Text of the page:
CS untimed (J—Downs. Mostly...)
I'm late to the puzzle and the blog tonight—my kid and I did the reverse commute in rush hour and met my husband downtown at the Willis Tower (You know, the Sears Tower under its new name.) There are these new SkyLedges that telescope out from the west side of the building. They're glass boxes somewhere in the neighborhood of 4x8 feet, and the view below your feet is straight down about 1,350 feet. I didn't get the slightest bit woozy, so I pronounce the SkyLedges to be a terrific innovation in SkyDeck design. We stuck around to watch the sunset, which...looked exactly like the sunset I saw a month ago from the Hancock building's 94th floor.
Steven Ginzburg's New York Times crossword
The theme is embodied by 37A: [How 18-, 24-, 47- and 56-Across may be defined] is BY HOOK OR BY CROOK, meaning that those four answers can be defined by the wordhook or the word crook. In fact, there are two hooks—18A is a SHARP TURN and 47A is a SWINGING PUNCH—and two crooks—24A is a SHEPHERD'S CANE (though I think of canes as being shorter, more like hip-high, and a shepherd's crook/staff as being head-high) and 56A is a RACKETEER.
You gotta watch out for mis-parsing multi-word answers in the grid. 5D is SAYS HI TO ([Greets informally]), but the eye sees a certain 4-letter word in the midst. "Say 'shit-O'"?
I'm sleepy and not seeing anything to single out in the "wow," "meh," tough, or ICKY ([Gross, in kidspeak]) departments, so I'll sign off now and see you again in the morning.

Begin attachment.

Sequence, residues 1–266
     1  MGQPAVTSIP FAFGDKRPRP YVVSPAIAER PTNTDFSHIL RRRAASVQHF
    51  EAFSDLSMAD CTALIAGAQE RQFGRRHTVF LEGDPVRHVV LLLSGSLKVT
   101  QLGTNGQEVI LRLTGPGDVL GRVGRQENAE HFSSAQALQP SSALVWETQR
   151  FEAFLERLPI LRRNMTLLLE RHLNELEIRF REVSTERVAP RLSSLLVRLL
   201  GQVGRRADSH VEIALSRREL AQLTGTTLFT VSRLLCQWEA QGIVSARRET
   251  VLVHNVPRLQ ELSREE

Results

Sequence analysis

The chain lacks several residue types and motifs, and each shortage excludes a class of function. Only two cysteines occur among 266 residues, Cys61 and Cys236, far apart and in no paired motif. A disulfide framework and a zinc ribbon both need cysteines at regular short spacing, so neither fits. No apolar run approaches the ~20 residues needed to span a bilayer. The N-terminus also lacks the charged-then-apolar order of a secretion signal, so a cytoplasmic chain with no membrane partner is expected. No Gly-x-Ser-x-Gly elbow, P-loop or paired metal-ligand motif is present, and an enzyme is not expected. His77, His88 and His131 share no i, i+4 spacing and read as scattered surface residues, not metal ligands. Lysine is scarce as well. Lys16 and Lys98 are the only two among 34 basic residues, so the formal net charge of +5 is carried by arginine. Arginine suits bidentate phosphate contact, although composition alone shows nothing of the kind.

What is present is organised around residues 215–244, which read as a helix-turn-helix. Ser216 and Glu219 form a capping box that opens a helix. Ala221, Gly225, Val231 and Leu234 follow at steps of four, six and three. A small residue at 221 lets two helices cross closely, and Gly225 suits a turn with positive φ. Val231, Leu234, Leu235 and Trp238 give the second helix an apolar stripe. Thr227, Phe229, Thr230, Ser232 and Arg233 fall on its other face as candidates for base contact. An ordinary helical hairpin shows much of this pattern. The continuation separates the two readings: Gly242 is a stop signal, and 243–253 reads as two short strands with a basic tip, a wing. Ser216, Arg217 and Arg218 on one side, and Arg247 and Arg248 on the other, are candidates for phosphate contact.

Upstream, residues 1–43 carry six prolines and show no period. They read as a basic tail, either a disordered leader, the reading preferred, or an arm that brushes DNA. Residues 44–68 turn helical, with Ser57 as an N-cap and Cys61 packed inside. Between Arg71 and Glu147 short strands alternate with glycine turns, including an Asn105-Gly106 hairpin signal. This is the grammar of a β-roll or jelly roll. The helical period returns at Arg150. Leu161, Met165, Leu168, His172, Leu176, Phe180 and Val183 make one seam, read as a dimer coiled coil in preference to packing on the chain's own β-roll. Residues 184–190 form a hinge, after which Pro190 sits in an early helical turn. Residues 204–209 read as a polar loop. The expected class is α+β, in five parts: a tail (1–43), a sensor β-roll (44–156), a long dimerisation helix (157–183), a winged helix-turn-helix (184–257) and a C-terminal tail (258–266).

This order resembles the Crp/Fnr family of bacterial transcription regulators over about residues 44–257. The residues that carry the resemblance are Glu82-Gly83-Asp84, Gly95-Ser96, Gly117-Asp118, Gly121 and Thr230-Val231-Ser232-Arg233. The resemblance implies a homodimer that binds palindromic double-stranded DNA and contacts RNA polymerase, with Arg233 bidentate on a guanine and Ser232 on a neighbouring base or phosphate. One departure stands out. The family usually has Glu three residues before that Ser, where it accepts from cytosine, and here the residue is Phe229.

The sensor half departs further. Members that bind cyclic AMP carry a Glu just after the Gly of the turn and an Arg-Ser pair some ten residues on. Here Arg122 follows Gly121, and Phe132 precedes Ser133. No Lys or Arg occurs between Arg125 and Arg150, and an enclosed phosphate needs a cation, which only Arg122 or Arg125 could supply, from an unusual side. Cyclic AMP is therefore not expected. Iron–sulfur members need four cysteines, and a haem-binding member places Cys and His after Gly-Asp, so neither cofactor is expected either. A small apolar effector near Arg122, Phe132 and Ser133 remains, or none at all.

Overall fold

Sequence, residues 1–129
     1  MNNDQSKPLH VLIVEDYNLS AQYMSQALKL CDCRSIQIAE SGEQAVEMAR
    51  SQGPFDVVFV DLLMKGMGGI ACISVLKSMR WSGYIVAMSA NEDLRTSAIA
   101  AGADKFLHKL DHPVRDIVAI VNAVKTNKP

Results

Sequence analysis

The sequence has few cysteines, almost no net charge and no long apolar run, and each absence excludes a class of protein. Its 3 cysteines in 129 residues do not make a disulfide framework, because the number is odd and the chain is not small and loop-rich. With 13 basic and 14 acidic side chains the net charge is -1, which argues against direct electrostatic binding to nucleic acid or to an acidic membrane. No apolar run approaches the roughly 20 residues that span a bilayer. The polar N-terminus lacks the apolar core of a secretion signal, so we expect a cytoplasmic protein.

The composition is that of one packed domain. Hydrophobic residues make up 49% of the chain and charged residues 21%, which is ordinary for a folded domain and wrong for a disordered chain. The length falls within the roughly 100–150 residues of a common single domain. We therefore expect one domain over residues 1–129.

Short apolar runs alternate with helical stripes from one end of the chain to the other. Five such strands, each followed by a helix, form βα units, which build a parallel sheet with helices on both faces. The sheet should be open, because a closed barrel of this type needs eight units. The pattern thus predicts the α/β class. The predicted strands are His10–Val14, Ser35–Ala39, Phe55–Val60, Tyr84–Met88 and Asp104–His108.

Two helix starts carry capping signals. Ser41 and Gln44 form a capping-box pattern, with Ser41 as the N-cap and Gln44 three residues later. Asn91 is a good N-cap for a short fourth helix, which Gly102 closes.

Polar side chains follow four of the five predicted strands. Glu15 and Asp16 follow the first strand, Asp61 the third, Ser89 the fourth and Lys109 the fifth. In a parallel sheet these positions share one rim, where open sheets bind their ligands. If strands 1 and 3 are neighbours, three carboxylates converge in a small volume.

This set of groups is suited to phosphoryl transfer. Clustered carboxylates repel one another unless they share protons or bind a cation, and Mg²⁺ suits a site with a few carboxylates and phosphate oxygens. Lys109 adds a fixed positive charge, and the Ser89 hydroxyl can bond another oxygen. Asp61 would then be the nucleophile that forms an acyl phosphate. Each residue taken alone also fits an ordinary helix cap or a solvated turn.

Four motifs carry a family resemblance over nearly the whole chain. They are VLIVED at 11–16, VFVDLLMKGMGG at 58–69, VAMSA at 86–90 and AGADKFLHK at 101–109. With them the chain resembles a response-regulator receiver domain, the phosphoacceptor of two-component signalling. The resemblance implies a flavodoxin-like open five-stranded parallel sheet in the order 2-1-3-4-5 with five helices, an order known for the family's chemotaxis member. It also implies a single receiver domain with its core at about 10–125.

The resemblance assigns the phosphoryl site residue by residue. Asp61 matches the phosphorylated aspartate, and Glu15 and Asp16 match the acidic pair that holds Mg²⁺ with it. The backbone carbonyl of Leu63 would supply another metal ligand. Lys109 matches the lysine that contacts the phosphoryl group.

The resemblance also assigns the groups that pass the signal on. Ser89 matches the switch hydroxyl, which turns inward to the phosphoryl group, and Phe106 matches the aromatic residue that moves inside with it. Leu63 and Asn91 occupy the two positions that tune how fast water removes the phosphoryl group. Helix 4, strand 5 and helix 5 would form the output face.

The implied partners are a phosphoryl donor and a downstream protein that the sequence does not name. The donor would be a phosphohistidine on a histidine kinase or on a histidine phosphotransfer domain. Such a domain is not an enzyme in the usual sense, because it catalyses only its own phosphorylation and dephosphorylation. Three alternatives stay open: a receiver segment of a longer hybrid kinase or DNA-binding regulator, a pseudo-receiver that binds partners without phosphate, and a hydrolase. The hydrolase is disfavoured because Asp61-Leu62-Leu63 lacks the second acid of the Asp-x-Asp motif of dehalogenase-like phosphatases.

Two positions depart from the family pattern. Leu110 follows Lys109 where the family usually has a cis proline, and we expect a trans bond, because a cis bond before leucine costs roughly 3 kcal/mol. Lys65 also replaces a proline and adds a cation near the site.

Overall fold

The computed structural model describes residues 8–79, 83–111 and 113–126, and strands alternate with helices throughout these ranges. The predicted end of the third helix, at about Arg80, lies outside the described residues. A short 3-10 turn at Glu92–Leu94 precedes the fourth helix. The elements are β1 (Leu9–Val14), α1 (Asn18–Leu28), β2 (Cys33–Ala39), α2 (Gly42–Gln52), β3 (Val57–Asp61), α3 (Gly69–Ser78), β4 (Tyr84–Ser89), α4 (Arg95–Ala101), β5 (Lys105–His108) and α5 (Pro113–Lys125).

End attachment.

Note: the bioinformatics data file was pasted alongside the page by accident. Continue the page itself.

Updated Tuesday morning:
Randolph Ross's CrosSynergy/Washington Post puzzle, "I'm Outta Here"—Janie's review
No, Randy's not bidding us farewell, but he has taken the paired "IM" outta five in-the-language phrases and given us five almost-in-the-language phrases that have a colorful meaning all their own. I love this kind of theme and the puzzle Randy created today. [In all likelihood] ODDS ARE if you enjoy this kind of wordplay as well, you'll derive the same pleasure I did in solving it.
Other clues and/or fill that stand out today include:
Solved this one almost entirely with the downs, but did have some trouble in the SW—even when I looked at the clue foe 49A [Brought home]. My first entry of EARNED was in the right area, but was the wrong word—which NETTED me some more questions, rather than answers I'm afraid.
Sharon Petersen's Los Angeles Times crossword
The theme is solid Tuesday fare and the overall cluing is at a solid Tuesday level of easiness. But what makes this puzzle stand out is the liveliness of the fill, including the theme entries. Each theme entry's first word can follow WILD (68-Across) to make a new compound word, and the phrases themselves fit right in with the other more colorful fill:
Among the zippier fill, we have "GET REAL" (["Oh, be serious!"]), CASH COW ([Constant moneymaker]), the [Photographer's request] of "SAY CHEESE," and those [Art pieces that hang from the ceiling], MOBILES. I spent a few minutes appreciating Alexander Calder's Universe in the Sears Tower lobby—this photo shows about two thirds of this giant, multi-piece moving sculpture.
Matt Jones's Jonesin' crossword, "You Sound Like L"
Each theme entry takes a familiar phrase and inserts an L into the verb-based word to form something new and a tad surprising. It's a good thing when you get those little surprised "ahas" when you're working out a theme, isn't it?
My favorite part of this puzzle is all the 7-letter answers in the fill. The word count isn't low thanks to all those 3s, but I'm less likely to notice a slew of 3s if my eyes have been bedazzled by 7s.
August 31, 2009